Mechanisms of Attenuation of Abdominal Sepsis Induced Acute Lung Injury by Ascorbic Acid

Am J Physiol Lung Cell Mol Physiol. 2012 Jul 1;303(1):L20-32. doi: 10.1152/ajplung.00300.2011. Epub 2012 Apr 20.

Abstract

Bacterial infections of the lungs and abdomen are among the most common causes of sepsis. Abdominal peritonitis often results in acute lung injury (ALI). Recent reports demonstrate a potential benefit of parenteral vitamin C [ascorbic acid (AscA)] in the pathogenesis of sepsis. Therefore we examined the mechanisms of vitamin C supplementation in the setting of abdominal peritonitis-mediated ALI. We hypothesized that vitamin C supplementation would protect lungs by restoring alveolar epithelial barrier integrity and preventing sepsis-associated coagulopathy. Male C57BL/6 mice were intraperitoneally injected with a fecal stem solution to induce abdominal peritonitis (FIP) 30 min prior to receiving either AscA (200 mg/kg) or dehydroascorbic acid (200 mg/kg). Variables examined included survival, extent of ALI, pulmonary inflammatory markers (myeloperoxidase, chemokines), bronchoalveolar epithelial permeability, alveolar fluid clearance, epithelial ion channel, and pump expression (aquaporin 5, cystic fibrosis transmembrane conductance regulator, epithelial sodium channel, and Na(+)-K(+)-ATPase), tight junction protein expression (claudins, occludins, zona occludens), cytoskeletal rearrangements (F-actin polymerization), and coagulation parameters (thromboelastography, pro- and anticoagulants, fibrinolysis mediators) of septic blood. FIP-mediated ALI was characterized by compromised lung epithelial permeability, reduced alveolar fluid clearance, pulmonary inflammation and neutrophil sequestration, coagulation abnormalities, and increased mortality. Parenteral vitamin C infusion protected mice from the deleterious consequences of sepsis by multiple mechanisms, including attenuation of the proinflammatory response, enhancement of epithelial barrier function, increasing alveolar fluid clearance, and prevention of sepsis-associated coagulation abnormalities. Parenteral vitamin C may potentially have a role in the management of sepsis and ALI associated with sepsis.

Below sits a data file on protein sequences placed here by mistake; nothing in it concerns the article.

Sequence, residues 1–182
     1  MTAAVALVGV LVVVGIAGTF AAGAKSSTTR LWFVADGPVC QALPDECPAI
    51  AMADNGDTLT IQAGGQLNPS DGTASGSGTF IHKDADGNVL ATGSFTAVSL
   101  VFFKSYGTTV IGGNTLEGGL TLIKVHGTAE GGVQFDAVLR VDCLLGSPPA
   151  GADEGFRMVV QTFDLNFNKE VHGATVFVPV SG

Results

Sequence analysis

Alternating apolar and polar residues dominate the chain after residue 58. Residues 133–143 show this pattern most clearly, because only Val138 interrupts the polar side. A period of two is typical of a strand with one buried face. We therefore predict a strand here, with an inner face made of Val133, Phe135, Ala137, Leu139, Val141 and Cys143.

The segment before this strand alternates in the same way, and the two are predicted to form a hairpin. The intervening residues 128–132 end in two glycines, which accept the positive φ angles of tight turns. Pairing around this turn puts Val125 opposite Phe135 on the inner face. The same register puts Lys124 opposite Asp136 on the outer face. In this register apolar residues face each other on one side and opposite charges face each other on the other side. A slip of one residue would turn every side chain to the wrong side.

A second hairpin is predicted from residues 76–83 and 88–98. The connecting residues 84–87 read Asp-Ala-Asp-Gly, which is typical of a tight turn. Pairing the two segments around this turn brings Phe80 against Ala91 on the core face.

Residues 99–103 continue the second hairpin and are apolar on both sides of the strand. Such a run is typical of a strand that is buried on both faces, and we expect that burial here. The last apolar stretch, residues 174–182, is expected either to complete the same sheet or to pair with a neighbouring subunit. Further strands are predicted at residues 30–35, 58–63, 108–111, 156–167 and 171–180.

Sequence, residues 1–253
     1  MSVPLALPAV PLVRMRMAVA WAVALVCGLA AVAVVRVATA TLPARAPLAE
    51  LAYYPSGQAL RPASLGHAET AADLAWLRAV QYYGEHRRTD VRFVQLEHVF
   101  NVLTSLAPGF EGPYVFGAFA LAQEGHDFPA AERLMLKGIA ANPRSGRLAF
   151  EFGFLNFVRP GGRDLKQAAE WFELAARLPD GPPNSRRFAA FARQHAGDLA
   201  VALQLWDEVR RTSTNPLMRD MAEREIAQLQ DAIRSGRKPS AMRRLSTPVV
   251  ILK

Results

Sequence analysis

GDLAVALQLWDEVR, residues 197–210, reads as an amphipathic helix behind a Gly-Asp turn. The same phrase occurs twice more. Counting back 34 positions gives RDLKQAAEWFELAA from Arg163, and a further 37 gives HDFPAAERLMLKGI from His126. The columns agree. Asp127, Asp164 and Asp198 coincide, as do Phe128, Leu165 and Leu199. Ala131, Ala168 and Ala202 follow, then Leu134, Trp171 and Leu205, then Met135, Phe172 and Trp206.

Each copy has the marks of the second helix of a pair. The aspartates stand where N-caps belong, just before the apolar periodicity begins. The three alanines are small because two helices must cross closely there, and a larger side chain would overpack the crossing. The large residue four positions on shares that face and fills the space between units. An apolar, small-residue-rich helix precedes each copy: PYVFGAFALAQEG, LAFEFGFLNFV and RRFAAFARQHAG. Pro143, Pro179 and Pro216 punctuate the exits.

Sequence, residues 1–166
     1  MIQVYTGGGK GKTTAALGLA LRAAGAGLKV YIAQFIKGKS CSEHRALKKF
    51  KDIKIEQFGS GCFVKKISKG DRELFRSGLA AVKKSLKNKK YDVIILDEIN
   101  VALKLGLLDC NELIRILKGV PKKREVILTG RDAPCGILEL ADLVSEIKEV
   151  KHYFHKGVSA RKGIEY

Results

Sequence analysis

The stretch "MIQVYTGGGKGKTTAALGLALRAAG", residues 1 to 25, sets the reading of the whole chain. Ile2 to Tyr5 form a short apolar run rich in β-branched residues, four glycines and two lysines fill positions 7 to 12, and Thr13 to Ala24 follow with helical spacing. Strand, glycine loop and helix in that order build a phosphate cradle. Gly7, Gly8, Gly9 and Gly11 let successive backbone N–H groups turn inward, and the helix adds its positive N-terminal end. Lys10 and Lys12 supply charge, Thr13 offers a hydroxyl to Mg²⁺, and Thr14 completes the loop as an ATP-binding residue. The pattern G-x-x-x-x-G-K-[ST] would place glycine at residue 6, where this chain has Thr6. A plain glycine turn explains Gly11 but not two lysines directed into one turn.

Publication types

  • Research Support, Non-U.S. Gov't

MeSH terms

  • Abdomen / microbiology
  • Abdomen / pathology
  • Acute Lung Injury / drug therapy*
  • Acute Lung Injury / metabolism
  • Acute Lung Injury / microbiology
  • Acute Lung Injury / physiopathology
  • Animals
  • Ascorbic Acid / pharmacology*
  • Biomarkers / blood
  • Blood Coagulation / drug effects
  • Bronchoalveolar Lavage / methods
  • Cell Line
  • Cytoskeletal Proteins / metabolism
  • Humans
  • Inflammation / blood
  • Inflammation / metabolism
  • Inflammation / physiopathology
  • Ion Channels / metabolism
  • Ion Transport / drug effects
  • Lung / drug effects
  • Lung / metabolism
  • Lung / physiopathology
  • Male
  • Mice
  • Mice, Inbred C57BL
  • Neutrophils / drug effects
  • Neutrophils / metabolism
  • Neutrophils / physiology
  • Peritonitis / drug therapy
  • Peritonitis / metabolism
  • Peritonitis / microbiology
  • Peritonitis / physiopathology
  • Permeability / drug effects
  • Pulmonary Alveoli / drug effects
  • Pulmonary Alveoli / metabolism
  • Pulmonary Alveoli / physiopathology
  • Respiratory Mucosa / drug effects
  • Respiratory Mucosa / metabolism
  • Respiratory Mucosa / physiopathology
  • Sepsis / blood
  • Sepsis / drug therapy*
  • Sepsis / metabolism
  • Sepsis / physiopathology
  • Sodium-Potassium-Exchanging ATPase / metabolism

Substances

  • Biomarkers
  • Cytoskeletal Proteins
  • Ion Channels
  • Sodium-Potassium-Exchanging ATPase
  • Ascorbic Acid